Chair Gonzales, Vice Chair Huffman, Ranking Member Antonio, and members of the Ohio House Health and Aging Committee, thank you for the opportunity to testify in support of House Bill 95. My name is Dr. Steve Moore and I am a dentist in private practice in West Chester, Ohio. I am the owner of the Lakota Dental Group and I employ three other dentists in my practice along with several dental hygienists, dental assistants and other employees. I am a member of the Ohio Dental Association and a past president of the Keely Dental Society, which represents dentists in Butler County.
As a dentist and small business owner I urge your support of House Bill 95. House Bill 95 would prohibit dental insurance companies from dictating fees for dental services they do not even cover for their enrollees. This practice is fundamentally unfair and unnecessarily interferes with the dentist-patient relationship.
As a small business owner, I value and respect the private contracting process. I utilize it in my relationships with vendors, suppliers and patients. Unfortunately, on occasion, the contracting process does not present a level playing field, allowing one party to take advantage of a business relationship while leaving the other party with little recourse. Generally speaking provider agreements with insurance companies are not negotiated. Antitrust restrictions prohibit dentists from working together on contracting issues. This provides insurance companies with substantial market power advantage in the contracting process, which often becomes a take-it-or-leave-it choice. A small business owner working with high overhead and a small margin really has little choice at all. Losing a substantial portion of your patient population can be devastating for a dental practice.
The issue of fee limitations for non-covered services has a major financial implication for dental offices. But it can also have a devastating impact on the relationship that a dentist has with their patients. For example, I recently performed a dental implant for a long-standing patient of mine. The dental implant was not a covered service under her dental insurance and she knew that prior to deciding to undergo the procedure. She was very happy with the result and she was contemplating having additional implants.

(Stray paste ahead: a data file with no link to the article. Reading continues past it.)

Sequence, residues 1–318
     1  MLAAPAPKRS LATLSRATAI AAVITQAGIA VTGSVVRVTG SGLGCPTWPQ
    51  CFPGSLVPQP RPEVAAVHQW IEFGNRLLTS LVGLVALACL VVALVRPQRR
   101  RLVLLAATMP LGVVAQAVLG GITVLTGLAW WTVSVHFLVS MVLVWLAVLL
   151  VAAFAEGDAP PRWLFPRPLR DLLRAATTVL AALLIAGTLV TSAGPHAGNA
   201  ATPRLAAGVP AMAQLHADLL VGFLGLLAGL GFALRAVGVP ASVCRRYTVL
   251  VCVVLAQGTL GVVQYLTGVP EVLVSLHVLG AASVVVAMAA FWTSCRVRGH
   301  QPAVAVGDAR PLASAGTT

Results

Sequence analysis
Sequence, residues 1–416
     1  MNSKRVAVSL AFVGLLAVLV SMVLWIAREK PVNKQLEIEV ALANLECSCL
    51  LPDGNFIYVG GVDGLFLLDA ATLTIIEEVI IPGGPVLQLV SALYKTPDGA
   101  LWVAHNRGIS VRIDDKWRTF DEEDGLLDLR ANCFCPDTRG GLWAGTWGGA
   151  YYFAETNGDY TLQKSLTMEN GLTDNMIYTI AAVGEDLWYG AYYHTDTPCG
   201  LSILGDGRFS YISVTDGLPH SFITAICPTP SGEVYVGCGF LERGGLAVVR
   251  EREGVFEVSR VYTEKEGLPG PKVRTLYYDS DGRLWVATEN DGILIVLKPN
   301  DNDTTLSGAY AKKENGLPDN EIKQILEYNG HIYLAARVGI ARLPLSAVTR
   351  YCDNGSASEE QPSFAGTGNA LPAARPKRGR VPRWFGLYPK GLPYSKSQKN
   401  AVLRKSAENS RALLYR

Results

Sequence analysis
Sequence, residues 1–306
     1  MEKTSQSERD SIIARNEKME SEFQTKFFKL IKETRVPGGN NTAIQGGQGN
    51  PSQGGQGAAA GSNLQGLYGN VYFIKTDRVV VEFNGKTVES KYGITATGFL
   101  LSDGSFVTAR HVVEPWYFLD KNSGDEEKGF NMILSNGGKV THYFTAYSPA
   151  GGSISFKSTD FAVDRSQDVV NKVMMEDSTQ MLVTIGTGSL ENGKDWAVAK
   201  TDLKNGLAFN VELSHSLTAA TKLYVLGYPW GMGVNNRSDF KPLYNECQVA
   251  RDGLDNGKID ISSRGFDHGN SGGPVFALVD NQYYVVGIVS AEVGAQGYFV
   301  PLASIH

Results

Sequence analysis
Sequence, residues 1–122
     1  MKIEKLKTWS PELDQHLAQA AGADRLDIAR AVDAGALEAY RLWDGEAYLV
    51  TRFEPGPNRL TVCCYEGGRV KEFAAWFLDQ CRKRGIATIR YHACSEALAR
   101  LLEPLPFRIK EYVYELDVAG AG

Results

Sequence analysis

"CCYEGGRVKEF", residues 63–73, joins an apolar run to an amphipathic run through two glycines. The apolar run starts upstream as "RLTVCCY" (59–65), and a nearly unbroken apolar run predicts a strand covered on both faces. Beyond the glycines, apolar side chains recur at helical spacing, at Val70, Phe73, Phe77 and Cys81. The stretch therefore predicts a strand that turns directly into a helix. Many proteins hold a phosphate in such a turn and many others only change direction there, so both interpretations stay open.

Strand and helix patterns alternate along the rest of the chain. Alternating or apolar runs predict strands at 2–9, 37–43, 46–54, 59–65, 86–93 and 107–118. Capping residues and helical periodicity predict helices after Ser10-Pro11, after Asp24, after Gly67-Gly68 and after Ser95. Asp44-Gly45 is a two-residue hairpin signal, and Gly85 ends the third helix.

However, shortly after the initial implant was completed, I received notice from her dental insurer that there was a limitation on how much I could charge this patient for the performance of her procedure. The insurer was setting the fee for the implant even though the insurer did not cover or in any way contribute to the cost of the implant. This limited fee set by the insurer was actually less than what I had expended in supplies, lab costs and staff time. My business lost money performing the implant. The next time the patient came to my office I explained what had happened and told her that I would not be able to perform her additional implants due to the fee limitation. She was upset, wanted to continue to visit our office for dental treatment and even offered to pay my regular fee. Accepting her proposal would have placed me in violation of the provider agreement and I could have lost a substantial portion of my patients.
I was forced to refuse her offer. This is a long standing patient, who received dental work that she valued and was willing to pay for, but because of the economics of dental insurance and the non-covered service provision of my provider agreement, she now may be forced to turn to another office or forego the services. HB 95 will help correct this problem.
Thank you again for the opportunity to testify in support of House Bill 95. I would be happy to answer any questions.